MORE ON PITCHES

5 Pitching Tips (includes a model pitch if you’re worried/stuck)

REMEMBER – A Logline Is Not A Tagline! Make sure you know the difference for your pitch.

More in The Required Reading List under “Pitches & Prep”, an e-library of resources

Neal Romanek will be live blogging from the festival, so make sure you check back here from Friday onwards – and follow him on Twitter HERE. You will also be able to see live tweets from delegates, speakers, volunteers and other participants by using the #LondonSWF hashtag on Twitter, so DON’T MISS OUT! 

Keep On Learning (Or Why Seasoned Pros should Go To @Londonswf) by Hayley McKenzie

Posted on: October 24th, 2011 by Lucy V Hay No Comments

You’ve made it! In fact, you ‘made it’ years ago and you’ve been a professional screenwriter/ producer/ director/ agent/ development executive for more years than you care to remember. So surely there’s no point going to the London Screenwriters’ Festival, right? Wrong! And here’s why.

1) The industry is constantly changing and if you don’t keep up you’ll be left behind.

2) New talent is always emerging and they might just have exactly the project you’re looking for. They’re also keen, enthusiastic and hungry to help you make the project a success.

3) New creative relationships create new worlds, new stories, new ways of working. What’s not to love about that?

4) Attending a session about something slightly left-field of your speciality (if you work in feature films, why not go alone to a session about writing for the games industry) might just make you look at your project with a fresh eye and give it an edge that makes it innovative, fresh and original.

4) However brilliant we are, there are others in our field just as brilliant as us. Listening to others who are also at the top of their game is inspiring and means we’ll go back to work on Monday morning more excited than ever about the work that we’re doing.

5) There’s a creative atmosphere at the London Screenwriters’ Festival that is exciting and energising, and we all need a bit of that from time to time, so I’ll see you there!

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Hayley McKenzie is a Script Consultant with over ten years’ script editing experience in the UK film and television industry. She runs Script Angel and uses Twitter and Facebook to spread the word about screenwriting & filmmaking opportunities and events.

Announcement: LSF Advanced Mentor Programme Candidates

Posted on: October 23rd, 2011 by Lucy V Hay No Comments

Last week The LSF Advanced Mentor Programme was announced: delegates were invited to apply for a script workshop or “Lab” with either Linda Aronson (Non-Linear & Multi-protagonist); David Reynolds (Family Audiences) or Gub Neal (TV Drama). We had nearly 50 entries for just a few places in each Script Lab and as ever, my readers & I had some difficult choices to make!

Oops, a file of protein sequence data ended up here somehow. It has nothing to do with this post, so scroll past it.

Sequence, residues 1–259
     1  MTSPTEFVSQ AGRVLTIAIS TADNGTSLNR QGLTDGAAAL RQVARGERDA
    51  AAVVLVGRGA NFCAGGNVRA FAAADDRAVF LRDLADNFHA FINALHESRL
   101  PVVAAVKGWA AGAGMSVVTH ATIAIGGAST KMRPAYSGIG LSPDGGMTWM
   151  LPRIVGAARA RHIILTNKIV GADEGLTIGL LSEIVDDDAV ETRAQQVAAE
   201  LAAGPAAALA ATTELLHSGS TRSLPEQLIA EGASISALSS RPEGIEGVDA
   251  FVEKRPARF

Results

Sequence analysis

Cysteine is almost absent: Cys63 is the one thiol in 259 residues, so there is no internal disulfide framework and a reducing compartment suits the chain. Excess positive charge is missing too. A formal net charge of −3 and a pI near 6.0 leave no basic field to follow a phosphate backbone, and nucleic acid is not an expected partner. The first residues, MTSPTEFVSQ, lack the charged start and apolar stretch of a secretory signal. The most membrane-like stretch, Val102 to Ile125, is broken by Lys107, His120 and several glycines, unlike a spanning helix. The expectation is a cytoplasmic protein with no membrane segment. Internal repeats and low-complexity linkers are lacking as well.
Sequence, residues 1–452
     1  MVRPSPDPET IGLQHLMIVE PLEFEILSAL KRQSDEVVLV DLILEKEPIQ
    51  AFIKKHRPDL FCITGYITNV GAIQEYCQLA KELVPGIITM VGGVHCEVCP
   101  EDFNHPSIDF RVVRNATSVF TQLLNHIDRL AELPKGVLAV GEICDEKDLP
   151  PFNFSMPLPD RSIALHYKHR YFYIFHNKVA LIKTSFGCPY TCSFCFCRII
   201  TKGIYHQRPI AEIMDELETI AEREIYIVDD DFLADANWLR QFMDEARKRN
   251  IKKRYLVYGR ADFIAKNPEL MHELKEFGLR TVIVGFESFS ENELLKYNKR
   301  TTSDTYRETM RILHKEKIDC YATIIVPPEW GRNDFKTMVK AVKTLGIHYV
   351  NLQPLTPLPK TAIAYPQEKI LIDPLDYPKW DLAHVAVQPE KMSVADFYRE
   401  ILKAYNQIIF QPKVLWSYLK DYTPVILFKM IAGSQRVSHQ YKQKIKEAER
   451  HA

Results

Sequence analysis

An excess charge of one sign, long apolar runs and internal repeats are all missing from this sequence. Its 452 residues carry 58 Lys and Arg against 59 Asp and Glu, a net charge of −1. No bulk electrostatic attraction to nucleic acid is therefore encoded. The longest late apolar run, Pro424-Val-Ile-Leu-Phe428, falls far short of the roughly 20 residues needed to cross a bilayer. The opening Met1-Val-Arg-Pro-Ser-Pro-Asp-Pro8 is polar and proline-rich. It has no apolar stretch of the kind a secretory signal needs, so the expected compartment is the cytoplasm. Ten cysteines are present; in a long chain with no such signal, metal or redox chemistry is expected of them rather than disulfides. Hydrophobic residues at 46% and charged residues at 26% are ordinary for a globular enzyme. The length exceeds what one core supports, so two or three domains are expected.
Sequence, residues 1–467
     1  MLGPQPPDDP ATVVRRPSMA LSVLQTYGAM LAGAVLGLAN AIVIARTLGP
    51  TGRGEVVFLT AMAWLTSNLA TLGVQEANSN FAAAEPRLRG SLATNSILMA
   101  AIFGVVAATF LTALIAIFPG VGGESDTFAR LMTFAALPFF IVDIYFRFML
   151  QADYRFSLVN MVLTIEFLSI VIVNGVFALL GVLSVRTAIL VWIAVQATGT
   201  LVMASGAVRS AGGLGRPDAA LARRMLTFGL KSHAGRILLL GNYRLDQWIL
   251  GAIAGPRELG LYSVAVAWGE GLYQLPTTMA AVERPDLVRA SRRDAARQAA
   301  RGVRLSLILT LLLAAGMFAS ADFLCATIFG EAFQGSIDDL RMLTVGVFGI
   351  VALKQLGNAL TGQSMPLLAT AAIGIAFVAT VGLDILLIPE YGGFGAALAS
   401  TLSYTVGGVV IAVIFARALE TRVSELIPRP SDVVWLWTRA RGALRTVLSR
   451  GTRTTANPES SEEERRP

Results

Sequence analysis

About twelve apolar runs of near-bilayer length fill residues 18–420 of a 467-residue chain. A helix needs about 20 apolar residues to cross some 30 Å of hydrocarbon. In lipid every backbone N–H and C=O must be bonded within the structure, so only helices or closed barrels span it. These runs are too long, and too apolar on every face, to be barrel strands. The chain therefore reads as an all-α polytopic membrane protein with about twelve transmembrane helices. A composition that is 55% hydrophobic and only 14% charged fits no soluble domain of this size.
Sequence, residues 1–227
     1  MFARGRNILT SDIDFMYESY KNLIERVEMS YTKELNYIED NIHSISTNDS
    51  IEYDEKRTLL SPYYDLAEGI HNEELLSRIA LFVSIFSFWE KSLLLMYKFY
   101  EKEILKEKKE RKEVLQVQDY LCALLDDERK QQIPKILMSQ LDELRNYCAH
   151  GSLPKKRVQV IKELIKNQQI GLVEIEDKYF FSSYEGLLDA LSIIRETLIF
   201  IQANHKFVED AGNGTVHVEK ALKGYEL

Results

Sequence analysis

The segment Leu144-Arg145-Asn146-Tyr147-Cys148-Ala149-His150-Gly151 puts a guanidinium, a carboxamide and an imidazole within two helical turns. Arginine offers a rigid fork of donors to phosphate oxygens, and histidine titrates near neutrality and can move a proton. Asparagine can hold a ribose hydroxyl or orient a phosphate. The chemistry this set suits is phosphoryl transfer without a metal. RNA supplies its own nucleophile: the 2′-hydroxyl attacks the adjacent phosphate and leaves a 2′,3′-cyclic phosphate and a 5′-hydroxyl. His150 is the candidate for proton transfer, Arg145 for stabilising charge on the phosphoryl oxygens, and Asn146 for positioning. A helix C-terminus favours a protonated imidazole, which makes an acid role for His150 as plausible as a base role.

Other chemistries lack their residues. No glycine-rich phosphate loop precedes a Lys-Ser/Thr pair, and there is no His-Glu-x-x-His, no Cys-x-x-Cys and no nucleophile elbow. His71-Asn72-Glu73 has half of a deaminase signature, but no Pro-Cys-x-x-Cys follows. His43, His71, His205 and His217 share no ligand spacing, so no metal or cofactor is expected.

Without further ado then and in no particular order, here are the LUCKY participants and their scripts who will take part in the Script Labs, which will happen during the festival next weekend:

LINDA ARONSON’s NON-LINEAR & MULTI-PROTAGONIST WORKSHOP

Nell Denton, THE JAZZ TSAR

Graham Walker, HEARTS AND MINDS

David McCrea, LONDON CALLING

David Atkinson, THE REALITY PRINCIPLE

Jacqui Canham, VERA OF THE ADMIRALTY

David Gilhooly, ROUNDABOUT

DAVID REYNOLDS’ FAMILY AUDIENCES WORKSHOP

Darrin Grimwood, MYTHOS.

Stephen Potts, COMPASS MURPHY

Guy Fee, THE BOY WHO LOST CHRISTMAS

Julia Andersen, THE LEFT HAND

Nick Horwood, GURK THE SLAYER.

 Norah Henderson, CHUBB & PETER KING

GUB NEAL’s “PRODUCER’S DEN”

 Sophie Petzal, SANCTIONED

Dominic Carver, WHITE KNIGHT

Tom Kerevan, WRECKERS

Paul Goetzee, OUT ON A LIMB

Steve Turnbull, MONSTERS.

Richard Wheildon, I AM YOU

Many, many thanks to all who entered and especially to those who didn’t make it through *this time* – all the entrants demonstrated impressive CVs and packages (ooo er, missus) and for them and indeed any other interested parties, here’s a brief overview of the pile:

Looking Out For Linda. The entrants submitting for Linda Aronson’s workshop were the most hotly contested, plus this was a VERY strong bunch indeed. There was some fantastic risk-taking in terms of storytelling, with ingenius methods of breaking up the narrative and character introduction. However, some ideas/premises were quite similar, meaning there was literally a hair’s breadth between applications at times and quite a lot of soul-searching for our readers. The scripts and writers that often made it through in this section were those with strong visual flair and that elusive “je ne se quois” in terms of grabbing the reader’s attention via an unusual, intriguing or shocking hook in the first instance.

Remembering the (Family) Audience. Bizarrely, sexual nudity, drunkenness, swearing and general bloodshed played a major part in many of the David Reynolds’ submissions. Despite Reynolds  being responsible for the likes of Finding Nemo, there was a dearth of talking animals, fish or supernatural elements like friendly ghosts which the readers predicted at the beginning of sifting the pile. Here the scripts and writers that made it through usually demonstrated a child-like charm or tone seen in the likes of Roald Dahl (even if there were no children in it); the gothic overtones of Tim Burton or an important element of family life, ie. Christmas, birthday parties or fantasy stories.

Identity Crisis. The TV scripts were some of the most accomplished in the pile, both on the page and in terms of previous development, but some premises *felt* quite familiar, especially with reference to existing stories and/or series. Others had a bit of genre crisis, making them difficult to place in the schedules writers claimed they were suited to. The scripts that made it through this round were those with a strong identity, with writers who had managed to visualise their story worlds not only in the script, but in the production bundle.